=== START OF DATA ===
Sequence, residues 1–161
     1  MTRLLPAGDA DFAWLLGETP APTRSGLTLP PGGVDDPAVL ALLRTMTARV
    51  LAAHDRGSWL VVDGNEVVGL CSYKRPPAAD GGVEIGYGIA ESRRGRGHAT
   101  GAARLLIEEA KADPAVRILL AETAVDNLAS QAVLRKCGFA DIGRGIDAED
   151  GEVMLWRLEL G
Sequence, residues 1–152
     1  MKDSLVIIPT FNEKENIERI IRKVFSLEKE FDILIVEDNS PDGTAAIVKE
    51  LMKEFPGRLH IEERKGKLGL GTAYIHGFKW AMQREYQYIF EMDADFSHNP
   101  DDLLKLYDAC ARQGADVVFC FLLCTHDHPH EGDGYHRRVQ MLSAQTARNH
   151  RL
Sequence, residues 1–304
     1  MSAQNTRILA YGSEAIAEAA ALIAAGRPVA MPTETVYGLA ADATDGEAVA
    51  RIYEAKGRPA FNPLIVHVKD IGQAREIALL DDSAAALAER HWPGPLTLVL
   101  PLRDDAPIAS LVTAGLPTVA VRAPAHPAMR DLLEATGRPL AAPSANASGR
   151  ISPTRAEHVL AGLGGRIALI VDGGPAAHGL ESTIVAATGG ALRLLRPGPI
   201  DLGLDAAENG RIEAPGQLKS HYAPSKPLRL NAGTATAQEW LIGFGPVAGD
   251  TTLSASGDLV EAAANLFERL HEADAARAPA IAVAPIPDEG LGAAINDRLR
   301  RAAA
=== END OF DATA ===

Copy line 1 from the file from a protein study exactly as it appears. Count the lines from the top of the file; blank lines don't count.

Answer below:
Sequence, residues 1–161